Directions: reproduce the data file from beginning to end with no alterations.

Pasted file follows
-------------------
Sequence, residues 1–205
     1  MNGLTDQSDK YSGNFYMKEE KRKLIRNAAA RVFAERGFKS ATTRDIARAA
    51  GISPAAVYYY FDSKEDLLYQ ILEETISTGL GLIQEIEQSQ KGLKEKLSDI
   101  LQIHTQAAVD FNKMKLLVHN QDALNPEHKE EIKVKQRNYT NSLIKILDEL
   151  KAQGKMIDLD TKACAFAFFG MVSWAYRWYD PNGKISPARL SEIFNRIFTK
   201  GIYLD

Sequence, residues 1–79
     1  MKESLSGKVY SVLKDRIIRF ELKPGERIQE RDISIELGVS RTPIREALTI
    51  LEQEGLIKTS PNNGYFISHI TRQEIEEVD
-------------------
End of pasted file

Sequence, residues 1–205
     1  MNGLTDQSDK YSGNFYMKEE KRKLIRNAAA RVFAERGFKS ATTRDIARAA
    51  GISPAAVYYY FDSKEDLLYQ ILEETISTGL GLIQEIEQSQ KGLKEKLSDI
   101  LQIHTQAAVD FNKMKLLVHN QDALNPEHKE EIKVKQRNYT NSLIKILDEL
   151  KAQGKMIDLD TKACAFAFFG MVSWAYRWYD PNGKISPARL SEIFNRIFTK
   201  GIYLD

Sequence, residues 1–79
     1  MKESLSGKVY SVLKDRIIRF ELKPGERIQE RDISIELGVS RTPIREALTI
    51  LEQEGLIKTS PNNGYFISHI TRQEIEEVD